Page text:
Personality and Careers
Type in Everyday Life

"Good type development can be achieved at any age by anyone who cares to understand his or her own gifts and the appropriate use of those gifts."
Isabel Briggs Myers

Knowing your personality type, as measured through the Myers-Briggs Type Indicator® instrument, can help you with career planning at every stage: from your choices of subjects and majors in school to choosing your first career, to advancing in your organization or changing careers later in life.


People often find difficulty defining what kind of work they want to do or why a given field makes them comfortable or uncomfortable. Personality type is a practical tool for investigating what works for you, then looking for and recognizing work that satisfies your preferences. Knowing your MBTI® type may, for example, prove helpful in deciding what specific areas of law, medicine, education, or business a person prefers. A person with a preference for Introversion may find he or she is happier doing research, while a person who prefers Extraversion may favor a field with more interaction with people.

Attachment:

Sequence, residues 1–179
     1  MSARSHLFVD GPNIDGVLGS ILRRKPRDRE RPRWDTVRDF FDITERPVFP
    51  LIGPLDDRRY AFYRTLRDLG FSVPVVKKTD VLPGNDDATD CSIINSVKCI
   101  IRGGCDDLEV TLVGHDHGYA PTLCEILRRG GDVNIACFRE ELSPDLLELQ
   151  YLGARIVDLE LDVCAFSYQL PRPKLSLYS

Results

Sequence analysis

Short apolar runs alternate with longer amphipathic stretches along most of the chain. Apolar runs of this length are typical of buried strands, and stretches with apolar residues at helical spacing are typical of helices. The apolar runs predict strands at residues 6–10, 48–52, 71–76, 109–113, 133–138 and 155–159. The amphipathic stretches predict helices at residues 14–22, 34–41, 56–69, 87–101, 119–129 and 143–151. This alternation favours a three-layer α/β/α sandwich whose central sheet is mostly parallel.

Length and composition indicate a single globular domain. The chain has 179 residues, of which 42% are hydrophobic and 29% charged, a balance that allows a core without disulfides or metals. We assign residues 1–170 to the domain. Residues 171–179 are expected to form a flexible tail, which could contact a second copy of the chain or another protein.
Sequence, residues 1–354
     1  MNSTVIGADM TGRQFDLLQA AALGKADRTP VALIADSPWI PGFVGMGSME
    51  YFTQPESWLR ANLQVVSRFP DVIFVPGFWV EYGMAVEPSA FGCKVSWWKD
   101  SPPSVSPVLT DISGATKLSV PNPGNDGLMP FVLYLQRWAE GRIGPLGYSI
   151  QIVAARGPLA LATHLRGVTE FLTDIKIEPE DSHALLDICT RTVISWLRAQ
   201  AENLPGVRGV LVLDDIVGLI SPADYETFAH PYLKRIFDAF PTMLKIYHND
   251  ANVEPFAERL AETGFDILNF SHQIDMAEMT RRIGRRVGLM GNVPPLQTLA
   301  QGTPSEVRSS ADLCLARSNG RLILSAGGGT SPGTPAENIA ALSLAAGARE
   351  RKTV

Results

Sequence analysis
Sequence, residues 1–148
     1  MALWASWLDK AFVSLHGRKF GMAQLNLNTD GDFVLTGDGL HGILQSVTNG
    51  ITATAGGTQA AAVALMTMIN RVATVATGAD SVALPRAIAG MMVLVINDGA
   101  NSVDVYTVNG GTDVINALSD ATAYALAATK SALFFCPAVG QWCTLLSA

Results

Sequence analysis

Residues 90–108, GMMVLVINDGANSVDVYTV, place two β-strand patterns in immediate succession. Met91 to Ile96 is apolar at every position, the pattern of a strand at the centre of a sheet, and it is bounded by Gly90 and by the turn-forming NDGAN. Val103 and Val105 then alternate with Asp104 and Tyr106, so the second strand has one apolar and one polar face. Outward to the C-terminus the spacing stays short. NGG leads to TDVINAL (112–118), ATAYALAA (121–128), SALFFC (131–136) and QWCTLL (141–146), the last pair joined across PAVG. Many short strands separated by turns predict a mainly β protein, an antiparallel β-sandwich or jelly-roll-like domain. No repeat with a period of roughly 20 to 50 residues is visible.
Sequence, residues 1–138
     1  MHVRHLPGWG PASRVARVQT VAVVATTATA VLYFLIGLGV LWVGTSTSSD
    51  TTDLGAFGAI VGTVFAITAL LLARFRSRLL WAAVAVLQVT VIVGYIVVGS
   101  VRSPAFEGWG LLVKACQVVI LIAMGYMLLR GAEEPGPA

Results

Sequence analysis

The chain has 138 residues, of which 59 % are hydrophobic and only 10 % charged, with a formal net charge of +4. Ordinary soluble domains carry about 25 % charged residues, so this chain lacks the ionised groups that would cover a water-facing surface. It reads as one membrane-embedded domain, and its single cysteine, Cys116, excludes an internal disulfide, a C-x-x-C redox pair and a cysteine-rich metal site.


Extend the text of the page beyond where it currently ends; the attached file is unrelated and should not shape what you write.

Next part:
Work environments influence how comfortable you are at your job. Someone with a preference for Introversion, for example, who is required to do a lot of detail work or think through a problem, may find it disruptive to be in an environment that is too loud or where a lot of interaction is required. When you know this about yourself, you can make arrangements to do your work in a more suitable location or at a time when there is less activity and interference.


Even when circumstances make it necessary for you to do work that you have not chosen or which you must do as part of your overall job description, knowledge and understanding of type can help you discover and use your strengths to accomplish the work. When you find an unsatisfactory job fit, you can examine the reasons and seek solutions based on your preferences.


When you do have an opportunity to take a new path in your work, type can help you analyze the fit of your type with your past work and consider what new direction can best fit with your preferences.

Resources

Introduction to Type® and Careers by Allen L. Hammer (CPP 1993)

Looking at Type®: Your Career by Charles R. Martin (CAPT 2010)

MBTI Type Tables for Occupations by Nancy A. Schaubhut and Richard C. Thompson (CPP 2008)

What's Your Type of Career? Unlock the Secrets of Your Personality to Find Your Perfect Career Path by Donna Dunning (Davies-Black 2001)

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